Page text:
From The Guardian:
It started with Sam Harris, moved on to Milo Yiannopoulos and almost led to full-scale Islamophobia. If it can happen to a lifelong liberal, it could happen to anyone
Monday 28 November 2016 07.00 EST
I am a happily married, young white man. I grew up in a happy, Conservative household. I’ve spent my entire life – save the last four months – as a progressive liberal. All of my friends are very liberal or left-leaning centrists. I have always voted Liberal Democrat or Green. I voted remain in the referendum. The thought of racism in any form has always been abhorrent to me. When leave won, I was devastated.
I was curious as to the motives of leave voters. Surely they were not all racist, bigoted or hateful? I watched some debates on YouTube. Obvious points of concern about terrorism were brought up. A leaver cited Sam Harris as a source. I looked him up: this “intellectual, free-thinker” was very critical of Islam. Naturally my liberal kneejerk reaction was to be shocked, but I listened to his concerns and some of his debates.
This, I think, is where YouTube’s “suggested videos” can lead you down a rabbit hole. Moving on from Harris, I unlocked the Pandora’s box of “It’s not racist to criticise Islam!” content. Eventually I was introduced, by YouTube algorithms, to Milo Yiannopoulos and various “anti-SJW” videos (SJW, or social justice warrior, is a pejorative directed at progressives). They were shocking at first, but always presented as innocuous criticism from people claiming to be liberals themselves, or centrists, sometimes “just a regular conservative” – but never, ever identifying as the dreaded “alt-right”.
For three months I watched this stuff grow steadily more fearful of Islam. “Not Muslims,” they would usually say, “individual Muslims are fine.” But Islam was presented as a “threat to western civilisation”. Fear-mongering content was presented in a compelling way by charismatic people who would distance themselves from the very movement of which they were a part.
At the same time, the anti-SJW stuff also moved on to anti-feminism, men’s rights activists – all that stuff. I followed a lot of these people on Twitter, but never shared any of it. I just passively consumed it, because, deep down, I knew I was ashamed of what I was doing. I’d started to roll my eyes when my friends talked about liberal, progressive things. What was wrong with them? Did they not understand what being a real liberal was? All my friends were just SJWs. They didn’t know that free speech was under threat and that politically correct culture and censorship were the true problem.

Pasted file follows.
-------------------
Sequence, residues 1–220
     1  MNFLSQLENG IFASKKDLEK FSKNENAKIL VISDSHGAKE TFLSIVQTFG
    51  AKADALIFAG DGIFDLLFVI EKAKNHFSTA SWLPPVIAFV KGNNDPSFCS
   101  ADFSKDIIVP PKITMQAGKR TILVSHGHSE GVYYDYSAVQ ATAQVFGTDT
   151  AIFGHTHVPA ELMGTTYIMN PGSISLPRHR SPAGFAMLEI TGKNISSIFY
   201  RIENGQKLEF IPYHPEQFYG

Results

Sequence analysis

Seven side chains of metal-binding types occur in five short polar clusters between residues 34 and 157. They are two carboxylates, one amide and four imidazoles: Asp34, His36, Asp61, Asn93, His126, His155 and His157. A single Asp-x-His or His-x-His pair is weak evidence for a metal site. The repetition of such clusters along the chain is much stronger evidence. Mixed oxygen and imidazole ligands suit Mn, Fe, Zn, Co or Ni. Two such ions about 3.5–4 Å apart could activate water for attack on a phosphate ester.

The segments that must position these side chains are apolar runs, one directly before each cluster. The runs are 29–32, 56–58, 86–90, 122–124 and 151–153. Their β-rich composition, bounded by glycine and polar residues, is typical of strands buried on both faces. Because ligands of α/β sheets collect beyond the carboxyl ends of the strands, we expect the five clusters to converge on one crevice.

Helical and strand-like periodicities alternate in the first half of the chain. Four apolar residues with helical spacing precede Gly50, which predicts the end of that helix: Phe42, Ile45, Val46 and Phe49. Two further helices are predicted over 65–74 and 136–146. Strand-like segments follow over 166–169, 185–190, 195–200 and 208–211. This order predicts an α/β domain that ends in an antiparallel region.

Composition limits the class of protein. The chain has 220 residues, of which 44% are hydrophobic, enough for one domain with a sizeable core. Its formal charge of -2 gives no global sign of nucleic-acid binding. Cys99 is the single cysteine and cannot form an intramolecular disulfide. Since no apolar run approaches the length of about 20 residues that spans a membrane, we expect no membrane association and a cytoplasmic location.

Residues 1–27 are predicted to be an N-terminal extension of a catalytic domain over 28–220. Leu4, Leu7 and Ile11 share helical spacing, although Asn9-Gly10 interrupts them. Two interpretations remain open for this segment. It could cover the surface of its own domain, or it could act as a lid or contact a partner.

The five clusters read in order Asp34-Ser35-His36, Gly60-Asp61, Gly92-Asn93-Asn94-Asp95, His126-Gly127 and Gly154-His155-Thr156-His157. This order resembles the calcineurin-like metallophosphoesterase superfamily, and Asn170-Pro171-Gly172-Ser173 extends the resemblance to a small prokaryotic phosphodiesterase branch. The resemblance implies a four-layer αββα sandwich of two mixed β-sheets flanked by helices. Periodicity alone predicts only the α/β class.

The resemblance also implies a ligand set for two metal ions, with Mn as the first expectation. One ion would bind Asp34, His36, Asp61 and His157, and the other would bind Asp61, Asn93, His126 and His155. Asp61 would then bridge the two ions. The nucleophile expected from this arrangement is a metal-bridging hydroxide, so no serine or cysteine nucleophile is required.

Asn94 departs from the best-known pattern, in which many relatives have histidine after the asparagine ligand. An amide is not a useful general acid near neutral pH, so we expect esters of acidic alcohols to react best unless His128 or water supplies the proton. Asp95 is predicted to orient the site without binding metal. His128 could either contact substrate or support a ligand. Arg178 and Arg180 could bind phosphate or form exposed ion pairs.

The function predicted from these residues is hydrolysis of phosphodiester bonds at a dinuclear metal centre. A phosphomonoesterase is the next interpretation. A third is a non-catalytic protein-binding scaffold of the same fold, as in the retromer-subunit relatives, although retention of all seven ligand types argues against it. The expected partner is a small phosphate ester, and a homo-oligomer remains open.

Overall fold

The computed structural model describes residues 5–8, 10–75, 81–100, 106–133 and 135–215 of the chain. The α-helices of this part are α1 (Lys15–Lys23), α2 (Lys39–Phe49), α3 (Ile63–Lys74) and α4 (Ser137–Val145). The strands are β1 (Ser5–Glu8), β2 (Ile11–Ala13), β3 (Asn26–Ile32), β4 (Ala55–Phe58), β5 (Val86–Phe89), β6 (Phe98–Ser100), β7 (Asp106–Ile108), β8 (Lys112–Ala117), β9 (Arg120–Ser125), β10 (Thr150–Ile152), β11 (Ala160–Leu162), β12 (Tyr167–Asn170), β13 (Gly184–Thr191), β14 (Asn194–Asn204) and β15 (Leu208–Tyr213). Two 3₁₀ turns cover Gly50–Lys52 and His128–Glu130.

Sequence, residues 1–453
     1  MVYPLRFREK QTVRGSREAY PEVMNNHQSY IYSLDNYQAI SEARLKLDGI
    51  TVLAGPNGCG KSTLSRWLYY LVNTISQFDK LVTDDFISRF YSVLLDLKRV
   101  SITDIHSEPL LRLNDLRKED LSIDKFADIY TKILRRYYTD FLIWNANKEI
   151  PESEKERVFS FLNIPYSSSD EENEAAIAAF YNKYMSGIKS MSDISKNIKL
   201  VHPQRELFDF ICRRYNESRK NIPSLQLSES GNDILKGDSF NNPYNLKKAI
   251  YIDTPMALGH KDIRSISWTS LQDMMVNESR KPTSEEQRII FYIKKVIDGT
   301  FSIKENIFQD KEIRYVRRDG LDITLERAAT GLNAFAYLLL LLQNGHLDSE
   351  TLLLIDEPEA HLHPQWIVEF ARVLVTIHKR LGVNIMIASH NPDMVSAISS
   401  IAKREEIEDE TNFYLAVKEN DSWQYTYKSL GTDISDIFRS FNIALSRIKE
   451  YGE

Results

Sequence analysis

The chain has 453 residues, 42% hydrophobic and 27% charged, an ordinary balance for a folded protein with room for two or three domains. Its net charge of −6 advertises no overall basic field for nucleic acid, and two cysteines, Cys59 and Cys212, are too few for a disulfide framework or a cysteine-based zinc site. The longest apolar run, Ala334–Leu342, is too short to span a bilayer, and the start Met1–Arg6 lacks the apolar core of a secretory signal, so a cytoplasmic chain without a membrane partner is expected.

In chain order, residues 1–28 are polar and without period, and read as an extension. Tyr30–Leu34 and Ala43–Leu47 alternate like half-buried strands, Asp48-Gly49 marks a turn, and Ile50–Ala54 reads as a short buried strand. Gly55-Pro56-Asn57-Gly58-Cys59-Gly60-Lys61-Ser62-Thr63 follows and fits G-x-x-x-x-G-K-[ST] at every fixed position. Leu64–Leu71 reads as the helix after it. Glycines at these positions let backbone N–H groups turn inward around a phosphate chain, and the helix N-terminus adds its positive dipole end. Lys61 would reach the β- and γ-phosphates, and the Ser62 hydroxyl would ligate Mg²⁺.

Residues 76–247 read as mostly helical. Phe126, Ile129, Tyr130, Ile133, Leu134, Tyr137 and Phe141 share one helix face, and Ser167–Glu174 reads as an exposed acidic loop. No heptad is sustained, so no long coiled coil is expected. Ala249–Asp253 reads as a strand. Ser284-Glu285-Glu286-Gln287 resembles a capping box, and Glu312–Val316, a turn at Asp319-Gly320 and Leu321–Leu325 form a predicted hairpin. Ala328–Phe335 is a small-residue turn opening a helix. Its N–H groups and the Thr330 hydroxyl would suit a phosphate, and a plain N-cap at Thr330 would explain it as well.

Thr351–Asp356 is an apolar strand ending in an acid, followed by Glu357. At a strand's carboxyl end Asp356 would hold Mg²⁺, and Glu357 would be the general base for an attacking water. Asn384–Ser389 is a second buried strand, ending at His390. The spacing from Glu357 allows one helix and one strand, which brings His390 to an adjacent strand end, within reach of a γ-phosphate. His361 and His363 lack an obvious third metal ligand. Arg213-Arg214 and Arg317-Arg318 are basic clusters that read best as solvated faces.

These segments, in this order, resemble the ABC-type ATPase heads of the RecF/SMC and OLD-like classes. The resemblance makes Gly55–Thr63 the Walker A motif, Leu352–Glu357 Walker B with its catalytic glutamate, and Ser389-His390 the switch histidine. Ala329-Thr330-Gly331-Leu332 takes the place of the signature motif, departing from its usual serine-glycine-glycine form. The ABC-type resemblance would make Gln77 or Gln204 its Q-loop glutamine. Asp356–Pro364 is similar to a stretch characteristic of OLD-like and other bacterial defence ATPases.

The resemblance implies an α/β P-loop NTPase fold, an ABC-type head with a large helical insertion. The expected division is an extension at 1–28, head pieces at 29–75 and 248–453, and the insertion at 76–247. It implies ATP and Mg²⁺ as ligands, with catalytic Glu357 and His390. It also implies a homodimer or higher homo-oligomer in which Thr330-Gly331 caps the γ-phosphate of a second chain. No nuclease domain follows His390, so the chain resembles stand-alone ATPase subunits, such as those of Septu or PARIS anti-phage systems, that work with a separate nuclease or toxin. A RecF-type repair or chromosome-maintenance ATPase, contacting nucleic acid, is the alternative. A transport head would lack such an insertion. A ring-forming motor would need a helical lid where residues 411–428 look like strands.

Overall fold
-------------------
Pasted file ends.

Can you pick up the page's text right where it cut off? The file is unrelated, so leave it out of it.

On one occasion I even, I am ashamed to admit, very diplomatically expressed negative sentiments on Islam to my wife. Nothing “overtly racist”, just some of the “innocuous” type of things the YouTubers had presented: “Islam isn’t compatible with western civilisation.”
She was taken aback: “Isn’t that a bit … rightwing?”
I justified it: “Well, I’m more a left-leaning centrist. PC culture has gone too far, we should be able to discuss these things without shutting down the conversation by calling people racist, or bigots.”
The indoctrination was complete.
About a week before the US election, I heard one of these YouTubers use the phrase “red-pilled” – a term from the film The Matrix – in reference to people being awakened to the truth about the world and SJWs. Suddenly I thought: “This is exactly like a cult. What am I doing? I’m turning into an arsehole.”
I unsubscribed and unfollowed from everything, and told myself outright: “You’re becoming a racist. What you’re doing is turning you into a terrible, hateful person.” Until that moment I hadn’t even realised that “alt-right” was what I was becoming; I just thought I was a more open-minded person for tolerating these views.
It would take every swearword under the sun to describe how I now feel about tolerating such content and gradually accepting it as truth. I’ve spent every day since feeling shameful for being so blind and so easily coerced. …
It hit me like a ton of bricks. Online radicalisation of young white men. It’s here, it’s serious, and I was lucky to be able to snap out of it when I did. …
• The author was not paid a fee for this piece
Back in June 2015, when transgenderist Caitlin Jenner and transracialist Rachel Dolezal were all over the news, I wrote in Taki’s Magazine:
Several media outlets, such as the BBC and USA Today, fell for a meme tweeted by Godfrey Elfwick:
My name is Godfrey.
I am WrongSkin.
You may not have heard of that but means I was born to white parents and have white skin but I identify as being black.
It’s not a joke.
It’s not OK to mock us.
It’s not easy to live like this.
Our struggle is your struggle.
When challenged, Elfwick (who describes “xirself” as “Genderqueer Muslim atheist. Born white in the #WrongSkin. Itinerant jongleur. Xir, Xirs Xirself. Filters life through the lens of minority issues”) triumphantly retorted on Twitter:
Skin color has nothing to do with the color of a person’s skin.
Granted, it was embarrassing to USA Today when they had to append to their story “People respond to NAACP incident with #wrongskin” the following message:
Corrections & Clarifications: An earlier version of this story misstated the intentions of a tweet by @GodfreyElfwick. He operates a parody account.
But in defense of USA Today and the BBC, how in tarnation is anybody supposed to know these days how to distinguish between the latest moral mania and satire? For example, the ongoing World War T was launched in May 2013 with a crusading New York Times article about how society is oppressing male-born mixed-martial-arts fighter Fallon Fox by not letting
himher beat up women for money. How is anybody supposed to know that Godfrey Elfwick is parody and Fallon Fox isn’t?